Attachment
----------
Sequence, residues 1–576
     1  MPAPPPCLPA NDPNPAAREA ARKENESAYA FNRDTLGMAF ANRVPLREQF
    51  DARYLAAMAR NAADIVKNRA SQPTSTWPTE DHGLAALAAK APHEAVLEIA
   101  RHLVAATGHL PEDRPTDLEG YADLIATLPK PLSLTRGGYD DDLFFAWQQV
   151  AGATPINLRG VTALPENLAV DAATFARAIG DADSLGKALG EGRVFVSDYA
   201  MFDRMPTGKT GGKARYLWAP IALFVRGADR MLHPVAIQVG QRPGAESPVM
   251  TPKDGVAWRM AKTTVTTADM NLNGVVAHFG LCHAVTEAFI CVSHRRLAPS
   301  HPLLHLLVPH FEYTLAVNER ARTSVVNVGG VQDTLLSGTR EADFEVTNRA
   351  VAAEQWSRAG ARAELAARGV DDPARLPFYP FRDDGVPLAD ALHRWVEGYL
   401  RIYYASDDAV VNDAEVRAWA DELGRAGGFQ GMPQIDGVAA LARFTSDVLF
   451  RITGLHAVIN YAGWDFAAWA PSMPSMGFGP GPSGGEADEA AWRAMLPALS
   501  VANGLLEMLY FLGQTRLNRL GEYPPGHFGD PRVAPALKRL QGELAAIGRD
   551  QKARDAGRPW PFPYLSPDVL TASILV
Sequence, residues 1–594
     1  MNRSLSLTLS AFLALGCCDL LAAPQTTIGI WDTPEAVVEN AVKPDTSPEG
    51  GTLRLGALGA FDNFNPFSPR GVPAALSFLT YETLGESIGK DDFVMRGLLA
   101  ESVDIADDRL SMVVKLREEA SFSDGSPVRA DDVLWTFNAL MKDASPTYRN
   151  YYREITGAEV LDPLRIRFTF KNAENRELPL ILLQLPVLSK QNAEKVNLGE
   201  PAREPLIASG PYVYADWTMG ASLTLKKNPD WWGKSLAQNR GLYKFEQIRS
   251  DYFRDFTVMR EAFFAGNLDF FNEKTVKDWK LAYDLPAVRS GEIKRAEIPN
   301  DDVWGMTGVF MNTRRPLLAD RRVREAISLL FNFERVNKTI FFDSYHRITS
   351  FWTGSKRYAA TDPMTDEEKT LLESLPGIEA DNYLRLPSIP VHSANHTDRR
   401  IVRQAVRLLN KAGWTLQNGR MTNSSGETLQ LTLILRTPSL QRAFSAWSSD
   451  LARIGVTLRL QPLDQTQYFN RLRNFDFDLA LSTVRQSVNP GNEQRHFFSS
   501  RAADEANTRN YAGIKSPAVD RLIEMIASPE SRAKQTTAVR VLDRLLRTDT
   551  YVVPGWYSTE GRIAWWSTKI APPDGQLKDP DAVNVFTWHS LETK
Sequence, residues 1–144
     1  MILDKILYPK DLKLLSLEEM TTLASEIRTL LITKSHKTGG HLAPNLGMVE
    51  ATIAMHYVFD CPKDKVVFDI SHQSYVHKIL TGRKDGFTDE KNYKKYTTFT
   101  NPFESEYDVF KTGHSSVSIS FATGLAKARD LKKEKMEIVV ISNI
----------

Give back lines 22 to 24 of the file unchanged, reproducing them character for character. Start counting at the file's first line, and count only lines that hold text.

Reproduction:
   351  FWTGSKRYAA TDPMTDEEKT LLESLPGIEA DNYLRLPSIP VHSANHTDRR
   401  IVRQAVRLLN KAGWTLQNGR MTNSSGETLQ LTLILRTPSL QRAFSAWSSD
   451  LARIGVTLRL QPLDQTQYFN RLRNFDFDLA LSTVRQSVNP GNEQRHFFSS